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Reading FC: Club's new kit includes climate change design

Reading's new home kit features a stripe design to represent increasing average global temperatures.

The design on shirt sleeves and shorts was first created by Professor Ed Hawkins, a University of Reading academic, in 2018.Each stripe on the shirts shows a year's average temperature since the club was founded in 1871. Blue stripes represent cooler than average years and red hotter than average.

Tim Kilpatrick, the club's head of commercial, said he hoped the design would "inspire more climate conversations" amongst fans.

"We are not perfect, but this is the start of a journey. We will not aim to change the world overnight," added Kilpatrick.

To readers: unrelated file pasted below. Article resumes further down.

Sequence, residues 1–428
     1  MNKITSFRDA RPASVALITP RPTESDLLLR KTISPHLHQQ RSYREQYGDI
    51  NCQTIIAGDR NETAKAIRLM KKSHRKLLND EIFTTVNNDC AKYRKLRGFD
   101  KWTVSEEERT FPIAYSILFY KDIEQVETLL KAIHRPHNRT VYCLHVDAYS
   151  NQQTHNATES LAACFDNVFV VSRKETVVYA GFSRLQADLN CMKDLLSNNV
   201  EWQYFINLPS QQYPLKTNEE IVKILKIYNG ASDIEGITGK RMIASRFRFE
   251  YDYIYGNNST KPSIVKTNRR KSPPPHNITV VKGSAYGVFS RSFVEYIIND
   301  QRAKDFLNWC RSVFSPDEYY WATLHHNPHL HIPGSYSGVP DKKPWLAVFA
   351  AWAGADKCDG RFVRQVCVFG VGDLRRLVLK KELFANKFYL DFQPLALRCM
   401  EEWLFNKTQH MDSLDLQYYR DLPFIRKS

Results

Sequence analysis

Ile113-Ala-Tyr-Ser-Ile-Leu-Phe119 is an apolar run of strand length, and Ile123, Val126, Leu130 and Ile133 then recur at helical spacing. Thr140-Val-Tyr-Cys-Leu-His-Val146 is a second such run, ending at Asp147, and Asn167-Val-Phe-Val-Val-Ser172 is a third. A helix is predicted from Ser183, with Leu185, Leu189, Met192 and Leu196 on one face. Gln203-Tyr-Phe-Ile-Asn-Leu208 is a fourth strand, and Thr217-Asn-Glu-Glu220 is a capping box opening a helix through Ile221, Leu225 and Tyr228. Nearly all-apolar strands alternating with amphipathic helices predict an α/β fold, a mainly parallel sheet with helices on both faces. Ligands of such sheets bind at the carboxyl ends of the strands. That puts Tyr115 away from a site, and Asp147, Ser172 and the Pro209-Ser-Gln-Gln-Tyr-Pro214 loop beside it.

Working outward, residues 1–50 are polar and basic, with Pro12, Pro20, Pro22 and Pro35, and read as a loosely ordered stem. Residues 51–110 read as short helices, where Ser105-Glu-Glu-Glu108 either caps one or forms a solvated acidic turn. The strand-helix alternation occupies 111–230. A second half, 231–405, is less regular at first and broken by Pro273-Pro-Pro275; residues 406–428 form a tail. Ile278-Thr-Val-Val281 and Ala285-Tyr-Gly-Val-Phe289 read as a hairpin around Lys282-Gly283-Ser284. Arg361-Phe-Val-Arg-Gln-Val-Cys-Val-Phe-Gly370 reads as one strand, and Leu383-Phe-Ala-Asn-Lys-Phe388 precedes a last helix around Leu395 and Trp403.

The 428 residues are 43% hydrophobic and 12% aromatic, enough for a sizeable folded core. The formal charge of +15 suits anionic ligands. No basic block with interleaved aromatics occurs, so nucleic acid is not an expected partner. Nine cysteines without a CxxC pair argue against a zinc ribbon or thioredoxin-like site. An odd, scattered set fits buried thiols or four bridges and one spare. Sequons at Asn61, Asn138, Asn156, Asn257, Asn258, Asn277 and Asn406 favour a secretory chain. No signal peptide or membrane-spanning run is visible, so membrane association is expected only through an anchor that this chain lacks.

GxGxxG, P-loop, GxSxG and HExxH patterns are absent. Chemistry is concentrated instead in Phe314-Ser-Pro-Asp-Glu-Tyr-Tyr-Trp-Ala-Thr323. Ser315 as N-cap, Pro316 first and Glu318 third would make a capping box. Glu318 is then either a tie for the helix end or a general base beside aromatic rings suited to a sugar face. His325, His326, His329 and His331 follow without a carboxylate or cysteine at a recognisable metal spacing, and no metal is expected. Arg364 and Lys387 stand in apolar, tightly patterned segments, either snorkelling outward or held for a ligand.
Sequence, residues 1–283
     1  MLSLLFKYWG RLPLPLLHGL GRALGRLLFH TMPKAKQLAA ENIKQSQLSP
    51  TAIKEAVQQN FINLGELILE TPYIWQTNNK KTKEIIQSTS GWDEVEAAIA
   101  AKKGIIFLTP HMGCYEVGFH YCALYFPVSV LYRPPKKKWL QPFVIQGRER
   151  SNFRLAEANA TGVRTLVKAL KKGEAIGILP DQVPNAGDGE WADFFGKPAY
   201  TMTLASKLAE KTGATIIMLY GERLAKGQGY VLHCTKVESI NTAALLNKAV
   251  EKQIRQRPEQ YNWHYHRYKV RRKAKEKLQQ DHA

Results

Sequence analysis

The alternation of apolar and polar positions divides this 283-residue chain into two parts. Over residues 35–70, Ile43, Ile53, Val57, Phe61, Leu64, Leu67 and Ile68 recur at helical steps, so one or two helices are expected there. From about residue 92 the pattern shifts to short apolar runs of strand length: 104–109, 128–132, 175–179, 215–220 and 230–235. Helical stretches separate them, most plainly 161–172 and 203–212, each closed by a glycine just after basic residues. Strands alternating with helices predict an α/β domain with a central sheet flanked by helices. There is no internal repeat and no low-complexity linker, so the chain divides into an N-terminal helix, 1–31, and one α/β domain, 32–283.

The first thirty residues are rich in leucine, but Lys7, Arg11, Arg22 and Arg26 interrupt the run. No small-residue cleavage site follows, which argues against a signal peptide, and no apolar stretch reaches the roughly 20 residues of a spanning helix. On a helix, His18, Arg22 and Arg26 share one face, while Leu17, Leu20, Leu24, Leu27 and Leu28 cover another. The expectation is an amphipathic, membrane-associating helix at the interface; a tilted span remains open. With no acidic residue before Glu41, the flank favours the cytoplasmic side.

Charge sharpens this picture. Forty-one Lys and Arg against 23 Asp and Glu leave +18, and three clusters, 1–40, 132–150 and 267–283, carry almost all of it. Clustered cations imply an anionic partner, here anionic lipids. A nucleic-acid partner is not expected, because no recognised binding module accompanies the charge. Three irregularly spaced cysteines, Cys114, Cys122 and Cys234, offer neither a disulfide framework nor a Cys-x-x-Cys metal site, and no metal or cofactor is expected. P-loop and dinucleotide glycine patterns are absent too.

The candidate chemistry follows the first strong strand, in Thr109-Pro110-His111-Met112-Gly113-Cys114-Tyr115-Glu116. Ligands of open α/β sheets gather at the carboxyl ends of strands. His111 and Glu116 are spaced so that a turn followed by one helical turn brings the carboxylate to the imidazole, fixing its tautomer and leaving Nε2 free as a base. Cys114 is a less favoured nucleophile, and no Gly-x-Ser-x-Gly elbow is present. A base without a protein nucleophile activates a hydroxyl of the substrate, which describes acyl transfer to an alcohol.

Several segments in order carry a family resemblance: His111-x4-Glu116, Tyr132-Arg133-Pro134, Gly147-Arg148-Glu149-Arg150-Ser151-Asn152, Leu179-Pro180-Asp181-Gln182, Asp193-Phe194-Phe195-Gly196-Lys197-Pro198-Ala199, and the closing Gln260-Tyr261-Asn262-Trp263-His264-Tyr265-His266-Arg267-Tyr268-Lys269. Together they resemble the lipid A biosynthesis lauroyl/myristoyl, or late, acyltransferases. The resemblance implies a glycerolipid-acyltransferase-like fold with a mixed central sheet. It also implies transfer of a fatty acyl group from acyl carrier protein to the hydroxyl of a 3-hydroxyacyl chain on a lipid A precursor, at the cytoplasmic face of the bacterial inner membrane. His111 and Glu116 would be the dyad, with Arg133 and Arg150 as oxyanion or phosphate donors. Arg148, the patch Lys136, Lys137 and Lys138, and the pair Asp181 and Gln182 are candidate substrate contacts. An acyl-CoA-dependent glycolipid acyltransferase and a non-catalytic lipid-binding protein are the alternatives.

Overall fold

"We want to aim to reduce our carbon footprint as a football club and give our fans the opportunity to come with us on the same journey."

Reading FC Women, who play in the Women's Super League, will also wear the kit

The shirt is made from recycled plastic bottles and can itself be recycled again in the future.

The equivalent of 13-and-a-half plastic litre bottles produces enough polyester yarn to make one of the shirts.

Reading and the university launched a project to minimise the club's environmental impact and improve its sustainability last month.

"Support is a powerful thing in football and this collaboration makes it a key theme for the season," added Hawkins.

"We hope Reading Football Club's fans will push them on to success this season, while at the same time the players and the club will be supporting climate action and recognising the science."

Original Source: BBC News


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